The pipeline can be run as a whole or in individual steps. To set global pipeline options the settings list needs to be created using the molnet_settings function. This function contains default parameters that can be modified as shown in the code chunk below. Please be aware of the python executable used the pipeline part implemented in python and the dependencies installed (i.e. python/python3). The intermediate pipeline output is deactivated for this example (see below) but especially for large data files consider turning it on (the default). Specify the location of files with the saving_path parameter. If not specified all files will only be written to a temporary directory. You can save individual graphs, combined graphs, drug targets and correlation matrices for individual graphs. Combined graphs without annotations and interaction score graphs are always saved as part of the handover between R and Python. For a detailed explanation of the possible settings please refer to the function documentation ?molnet_settings().

settings <- molnet_settings(
handling_missing_data = list(
default = "pairwise.complete.obs",
mrna = "all.obs"
),
save_individual_graphs = FALSE,
save_combined_graphs = FALSE,
save_drug_targets = FALSE,
python_executable = "python3"
)
# disable multi-threading for example run;
# not recommended for actual data processing
#> 

To run the whole pipeline from beginning-to-end the start_pipeline function should be used.

start_pipeline(layers, inter_layer_connections, drug_target_interaction, settings)

Running the individual pipeline steps

The pipeline can also be used modular. Modules refer to the different steps:

1. Generate individual graphs
2. Generate combined graphs
3. Filter for drug targets
4. Calculate interaction score
5. Calculate differential score
6. Calculate drug response score

[image created with biorender.com]

Step 1: Generate individual graphs

In step one individual graphs are generated by specifying the layers as described above. A list of layers and the settings list are passed. In this step edges are established based on correlation computation and reduced by the specified reduction method. Reduction can be done based on significance of the correlation (p_value) or WGCNA::pickHardThreshold (or our alternative implementation that has less overhead).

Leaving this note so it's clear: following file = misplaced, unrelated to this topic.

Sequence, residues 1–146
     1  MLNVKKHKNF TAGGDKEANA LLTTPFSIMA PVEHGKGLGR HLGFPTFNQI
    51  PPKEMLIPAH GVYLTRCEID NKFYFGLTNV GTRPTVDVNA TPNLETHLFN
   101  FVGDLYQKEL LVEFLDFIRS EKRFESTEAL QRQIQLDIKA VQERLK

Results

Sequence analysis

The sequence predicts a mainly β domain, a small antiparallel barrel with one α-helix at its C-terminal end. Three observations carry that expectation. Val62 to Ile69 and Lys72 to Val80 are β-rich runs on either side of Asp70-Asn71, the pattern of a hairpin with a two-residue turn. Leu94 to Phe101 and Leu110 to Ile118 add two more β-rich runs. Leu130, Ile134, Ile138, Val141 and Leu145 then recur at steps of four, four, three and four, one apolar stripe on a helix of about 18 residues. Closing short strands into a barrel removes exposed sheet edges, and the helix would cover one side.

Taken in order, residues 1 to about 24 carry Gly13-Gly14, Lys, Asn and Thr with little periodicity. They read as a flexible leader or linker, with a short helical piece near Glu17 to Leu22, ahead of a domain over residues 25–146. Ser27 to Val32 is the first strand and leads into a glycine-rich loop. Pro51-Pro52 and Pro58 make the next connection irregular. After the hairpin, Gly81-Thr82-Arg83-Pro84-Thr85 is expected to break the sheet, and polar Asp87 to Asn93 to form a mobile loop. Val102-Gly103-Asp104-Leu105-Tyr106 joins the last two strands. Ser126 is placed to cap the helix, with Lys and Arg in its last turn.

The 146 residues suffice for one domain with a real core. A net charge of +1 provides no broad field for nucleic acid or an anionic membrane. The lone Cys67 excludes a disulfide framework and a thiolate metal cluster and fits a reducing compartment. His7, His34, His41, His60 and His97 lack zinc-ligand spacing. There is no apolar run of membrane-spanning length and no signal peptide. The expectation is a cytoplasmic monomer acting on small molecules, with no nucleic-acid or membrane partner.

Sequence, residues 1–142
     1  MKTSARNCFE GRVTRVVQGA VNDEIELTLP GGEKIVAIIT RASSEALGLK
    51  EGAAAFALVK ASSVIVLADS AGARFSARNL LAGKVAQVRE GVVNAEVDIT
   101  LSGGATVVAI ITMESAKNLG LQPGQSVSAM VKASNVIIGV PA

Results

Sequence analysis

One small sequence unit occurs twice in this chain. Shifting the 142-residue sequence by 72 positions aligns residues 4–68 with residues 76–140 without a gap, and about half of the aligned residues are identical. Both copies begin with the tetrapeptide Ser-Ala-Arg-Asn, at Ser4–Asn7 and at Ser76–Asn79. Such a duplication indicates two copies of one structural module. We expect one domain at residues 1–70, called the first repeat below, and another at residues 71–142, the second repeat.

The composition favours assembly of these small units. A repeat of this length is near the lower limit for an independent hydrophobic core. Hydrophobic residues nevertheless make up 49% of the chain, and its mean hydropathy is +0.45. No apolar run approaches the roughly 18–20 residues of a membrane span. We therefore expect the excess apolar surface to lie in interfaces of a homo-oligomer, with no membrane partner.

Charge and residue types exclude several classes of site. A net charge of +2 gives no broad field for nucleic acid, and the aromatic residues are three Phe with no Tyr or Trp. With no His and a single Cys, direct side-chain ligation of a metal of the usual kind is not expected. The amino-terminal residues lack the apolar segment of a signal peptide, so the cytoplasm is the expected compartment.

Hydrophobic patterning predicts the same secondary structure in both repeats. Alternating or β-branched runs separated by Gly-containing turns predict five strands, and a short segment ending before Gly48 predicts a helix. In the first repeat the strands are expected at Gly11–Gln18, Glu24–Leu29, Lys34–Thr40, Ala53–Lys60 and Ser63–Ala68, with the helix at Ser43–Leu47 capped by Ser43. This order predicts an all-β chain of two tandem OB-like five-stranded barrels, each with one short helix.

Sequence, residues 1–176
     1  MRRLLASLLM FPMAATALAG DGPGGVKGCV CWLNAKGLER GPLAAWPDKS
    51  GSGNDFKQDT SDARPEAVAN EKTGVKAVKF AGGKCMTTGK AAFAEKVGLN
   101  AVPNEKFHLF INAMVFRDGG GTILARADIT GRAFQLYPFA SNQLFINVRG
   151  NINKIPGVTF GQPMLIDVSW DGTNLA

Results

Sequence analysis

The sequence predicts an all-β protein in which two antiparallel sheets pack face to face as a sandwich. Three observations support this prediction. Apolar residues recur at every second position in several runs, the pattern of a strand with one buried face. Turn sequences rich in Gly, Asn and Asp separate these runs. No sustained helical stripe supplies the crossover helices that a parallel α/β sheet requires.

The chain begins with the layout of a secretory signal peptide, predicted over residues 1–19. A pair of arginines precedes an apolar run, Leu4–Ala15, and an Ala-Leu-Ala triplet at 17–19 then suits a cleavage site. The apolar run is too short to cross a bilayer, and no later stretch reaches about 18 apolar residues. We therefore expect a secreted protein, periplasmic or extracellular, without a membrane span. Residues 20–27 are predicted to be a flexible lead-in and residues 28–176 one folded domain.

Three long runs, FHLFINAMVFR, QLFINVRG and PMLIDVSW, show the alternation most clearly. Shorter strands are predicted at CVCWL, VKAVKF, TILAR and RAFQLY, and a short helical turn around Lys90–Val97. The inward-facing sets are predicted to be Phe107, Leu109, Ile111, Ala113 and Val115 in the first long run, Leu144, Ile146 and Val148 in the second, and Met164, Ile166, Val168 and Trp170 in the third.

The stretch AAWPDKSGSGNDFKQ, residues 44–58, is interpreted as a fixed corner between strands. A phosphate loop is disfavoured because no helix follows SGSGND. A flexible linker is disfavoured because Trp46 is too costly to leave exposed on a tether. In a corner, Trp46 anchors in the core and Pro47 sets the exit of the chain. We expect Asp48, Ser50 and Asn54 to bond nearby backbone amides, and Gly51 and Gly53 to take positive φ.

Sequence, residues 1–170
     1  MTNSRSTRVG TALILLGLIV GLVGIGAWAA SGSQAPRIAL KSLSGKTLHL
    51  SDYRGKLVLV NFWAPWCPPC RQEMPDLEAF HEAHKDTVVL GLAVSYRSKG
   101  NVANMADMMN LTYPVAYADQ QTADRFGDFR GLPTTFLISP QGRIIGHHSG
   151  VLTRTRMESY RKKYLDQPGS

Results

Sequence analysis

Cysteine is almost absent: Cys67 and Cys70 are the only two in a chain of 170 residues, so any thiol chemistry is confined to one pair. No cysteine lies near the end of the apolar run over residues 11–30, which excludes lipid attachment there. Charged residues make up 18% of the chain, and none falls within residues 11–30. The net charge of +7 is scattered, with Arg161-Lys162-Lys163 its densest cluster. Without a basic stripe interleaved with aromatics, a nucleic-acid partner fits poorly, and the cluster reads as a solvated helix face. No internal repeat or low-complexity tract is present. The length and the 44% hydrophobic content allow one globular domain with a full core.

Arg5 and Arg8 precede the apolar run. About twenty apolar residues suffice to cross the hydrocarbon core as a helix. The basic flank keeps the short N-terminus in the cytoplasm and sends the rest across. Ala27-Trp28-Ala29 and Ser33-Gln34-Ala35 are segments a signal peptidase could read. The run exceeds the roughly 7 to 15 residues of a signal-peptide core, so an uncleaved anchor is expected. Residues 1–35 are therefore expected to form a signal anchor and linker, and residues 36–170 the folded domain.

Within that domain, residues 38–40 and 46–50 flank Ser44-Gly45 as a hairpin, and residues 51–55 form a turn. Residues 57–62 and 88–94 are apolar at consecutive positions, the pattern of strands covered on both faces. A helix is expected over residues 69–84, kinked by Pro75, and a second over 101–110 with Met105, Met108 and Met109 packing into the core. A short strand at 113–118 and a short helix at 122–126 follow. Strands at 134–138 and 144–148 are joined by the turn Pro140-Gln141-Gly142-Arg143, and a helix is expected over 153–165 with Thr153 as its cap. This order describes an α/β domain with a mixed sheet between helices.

individual_graphs <- generate_individual_graphs(layers = layers, settings = settings)

Step 2: Combine Graphs

In this step individual graphs are combined to a single combined graph per group based on the inter-layer connections. The function creates the disjunct union of the individual graphs and adds inter-layer edges with the specified weight.

combined_graphs <- generate_combined_graphs(individual_graphs[["graphs"]], individual_graphs[["annotations"]], inter_layer_connections, settings)
#> Connecting mrna and protein
#> by id.
#> group1:
#> generating inter-layer edgelist...
#> done.
#> group2:
#> generating inter-layer edgelist...
#> done.
#> Connecting protein and phosphoprotein
#> by id.
#> group1:
#> generating inter-layer edgelist...
#> done.
#> group2:
#> generating inter-layer edgelist...
#> done.
#> Connecting protein and metabolite
#> by table.
#> group1:
#> generating inter-layer edgelist...
#> done.
#> group2:
#> generating inter-layer edgelist...
#> done.
#> Combining graphs.
#> group1:
#> done.
#> group2:
#> done.

Step 3: Filtering for drug targets

In this step filtering of the drug-targets takes place. The function finds node IDs in the combined graph that are targeted by the drugs and maps drugs to their target nodes. Additionally, edgelists are returned containing the incident edges of drug target nodes that have to be considered in interaction score calculation.